Newspaper man had a field day in '20. They called Ruth "Big Bertha," The Son of Swat," and the man "who made sick ball games well."

    "Ruth has become the most alarming menace big league pitchers have ever bucked against. "An extra outfielder stationed in the upper grand stand may be necessary to curb the clouter. But that wouldn't stop Ruth, for they would also have to plant another outfielder out in Manhattan Field, and maybe before the season is over another would have to be scouting flies in Eighth Avenue" - Times, 1920

    --------------------------------------------------------------------------

    Ken Williams started using a heavier bat (48 oz) after seeing what could be done with it. He gripped his heavier bat tighter than ever, and as he put it, "swinging not only from the shoulders, but from the feet. It's all a matter of taste and batting style. Babe Ruth is the model of all home run sluggers, so I guess I don't have to apoligize for my own preferences."

    --------------------------------------------------------------------------

    The press constantly hounded Ruth for exclusives. The competition was fierce to get the best story, the most details on the latest home run, and to out hype eachother. Early in '20, a news organization offered to pay Ruth $1,000 bucks for the season with a $5 bonus for each time he hit one out of the park and described the details. The news place send a guy named Ferguson to New York in attempts at signing the deal, but Babe couldn't be found. Ferguson ended up going to Philadelphia where the Yanks were playing the A's, and he finally found Ruth there, in the middle of a craps game with six teammates at the Aldine Hotel. Ferguson kneeled down with the others and joined in, winning big which was the only reason Babe noticed him. He spit out his offer and Babe signed up.

    A 20 something year old Pegler was given the task of taking what Ruth said, and turning it into something which would be read by all of America. After a dozen or so homers, there was no word from Ruth. Ferguson was upset, and wired the Babe to ask what was happening. A couple nights later, a telegram arrived from Detroit which said, "SOCKED ONE TODAY. FASTBALL. HIGH OUTSIDE. SEND CHECK. BABE."

    --------------------------------------------------------------------------

    Tidbits

    *Ruth emulated Brother Matthias' batting stance while at St. Mary's. Pigeon-toed lean toward the incoming baseball.

    *Ruth was the best bowler on his early Red Sox team. The best bowler with either the right or left hand.

    *Babe once tried out for a barbershop quartet, and as you'd expect he was turned down.

    *Had there been no baseball, Babe probably would have ended up as a tailor or shirtmaker. Learning the trade while at St. Mary's he was quite good at it, and even years later as a rich man, would personally fix his expensive shirts by hand.

    *His father and older brother both were killed in street fights. [Babe's Dad was killed outside his bar, trying to mediate a scuffle, on August 25, 1918. He was stabbed with a knife by his brother-in-law, who claimed it was self-defense, and was later determined to be an accident. Babe was 23.]

    *Babe always wore the best tailored suits and his nails were done by a manicurist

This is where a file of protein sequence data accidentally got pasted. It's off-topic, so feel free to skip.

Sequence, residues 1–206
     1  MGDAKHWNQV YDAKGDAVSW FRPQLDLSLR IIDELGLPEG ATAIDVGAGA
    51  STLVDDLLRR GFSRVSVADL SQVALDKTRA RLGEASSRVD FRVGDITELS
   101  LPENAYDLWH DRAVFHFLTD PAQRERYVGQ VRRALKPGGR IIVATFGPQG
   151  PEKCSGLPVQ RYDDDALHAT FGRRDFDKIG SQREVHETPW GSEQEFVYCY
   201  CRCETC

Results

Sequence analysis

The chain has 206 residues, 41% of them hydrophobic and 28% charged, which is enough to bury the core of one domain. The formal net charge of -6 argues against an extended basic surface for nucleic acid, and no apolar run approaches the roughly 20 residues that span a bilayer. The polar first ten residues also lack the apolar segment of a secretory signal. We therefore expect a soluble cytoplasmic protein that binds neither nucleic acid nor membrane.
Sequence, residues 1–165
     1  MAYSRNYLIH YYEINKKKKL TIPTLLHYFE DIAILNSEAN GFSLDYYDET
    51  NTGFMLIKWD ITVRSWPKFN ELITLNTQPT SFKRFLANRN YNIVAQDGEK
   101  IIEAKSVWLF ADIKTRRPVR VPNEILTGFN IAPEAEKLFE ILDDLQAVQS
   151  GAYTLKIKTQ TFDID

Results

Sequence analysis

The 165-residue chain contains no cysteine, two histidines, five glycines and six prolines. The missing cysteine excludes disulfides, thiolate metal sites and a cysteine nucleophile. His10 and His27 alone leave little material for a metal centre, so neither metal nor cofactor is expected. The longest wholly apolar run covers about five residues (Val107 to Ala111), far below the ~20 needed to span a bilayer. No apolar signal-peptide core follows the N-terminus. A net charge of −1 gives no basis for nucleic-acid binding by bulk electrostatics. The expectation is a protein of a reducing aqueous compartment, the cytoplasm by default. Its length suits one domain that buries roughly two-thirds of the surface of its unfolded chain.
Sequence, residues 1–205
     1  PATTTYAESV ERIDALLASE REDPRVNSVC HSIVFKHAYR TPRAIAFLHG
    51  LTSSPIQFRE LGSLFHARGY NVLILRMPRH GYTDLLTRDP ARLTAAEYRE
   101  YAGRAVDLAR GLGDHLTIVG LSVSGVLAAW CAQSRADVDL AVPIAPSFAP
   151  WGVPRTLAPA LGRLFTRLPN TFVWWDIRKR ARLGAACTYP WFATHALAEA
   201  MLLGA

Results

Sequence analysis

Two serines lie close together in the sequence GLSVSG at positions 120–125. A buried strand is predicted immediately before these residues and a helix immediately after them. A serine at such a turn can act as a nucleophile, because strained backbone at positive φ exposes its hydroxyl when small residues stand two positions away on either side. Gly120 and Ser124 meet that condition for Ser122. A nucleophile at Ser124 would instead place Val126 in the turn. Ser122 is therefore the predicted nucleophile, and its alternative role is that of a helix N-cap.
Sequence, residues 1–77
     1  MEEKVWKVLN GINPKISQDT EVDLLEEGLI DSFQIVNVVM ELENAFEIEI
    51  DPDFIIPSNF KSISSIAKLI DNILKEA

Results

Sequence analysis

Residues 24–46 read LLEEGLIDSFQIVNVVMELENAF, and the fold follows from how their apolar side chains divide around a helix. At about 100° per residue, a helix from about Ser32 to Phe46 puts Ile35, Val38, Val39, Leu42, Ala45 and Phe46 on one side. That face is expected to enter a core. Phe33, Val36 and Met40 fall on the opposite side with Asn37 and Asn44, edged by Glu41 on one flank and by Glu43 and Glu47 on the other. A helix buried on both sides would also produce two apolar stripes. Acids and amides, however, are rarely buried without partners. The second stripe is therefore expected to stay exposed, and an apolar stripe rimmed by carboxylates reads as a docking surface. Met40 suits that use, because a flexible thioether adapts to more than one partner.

*The term "murderers row" was formed from the 1919 Yankee team. A lineup that included Pipp, Baker, Bodie, and Lewis. (speaking of Pipp, he gets a bad rap by history regarding Lou Gehrig's streak. Pipp didn't just have a headache the day he sat out, he had a fractured skull as a result of a batting practice beanball to the head. A pitch thrown by rookie Charlie Caldwell, who later became Princeton's football coach)

    *Babe's favorite shows were "Gangbusters" and "The Lone Ranger."

    *He gave up reading early in his career out of fear of it ruining his batting eye.

    *Some 77,000 people filed past his open coffin in Yankee Stadium on Aug 19, 1948, three days after his passing. From there it was to a mass and then the casket was taken 30 miles to the cemetary where 6,000 people had waited since the early morning. Ruth is buried within 200 feet of Mayor Jimmy Walker who was an old friend of his who once told him, "Never let those poor kids down."

    *Babe led the Yanks in SB in '20 and '23, and tied for the team lead (17) in '21.

    --------------------------------------------------------------------------

    July 9, 1920 was a Friday. Before the home game, the Knights of Columbus presented him with a diamond-studded watch. Ping Bodie was standing near Ruth at home plate for the ceremony, and later joked, "if anyone handed me a cluster of sparklers like that, it would be my luck to have them turn out to be ice...The best I get for hitting home runs is a box of socks."

    --------------------------------------------------------------------------

    He got huge amounts of mail and room for it all was becoming scarce. An extra locker was used for storage. Babe would often ask a teammate, "Open these for me, will ya. Keep the ones with the checks and the ones from the broads." Once the team trainer, Doc Woods went through a garbage basket stuffed with Ruth's discarded mail and found $6,000 in checks and endorsements.

    Many of the letters were outrageous requests and get-rich schemes. He ignored most, but some he answered, especially those from young boys asking for an autograph. A Ruth biographer, Lee Allen, estimated that in 1920 the Babe signed roughly 5,000 pictures and sent them to children who had written him. This was a time when the autograph craze was still far in the future. Allen also wrote that "the chances are that he made 10 quiet visits to see a boy in a hospital for every one that was publicized."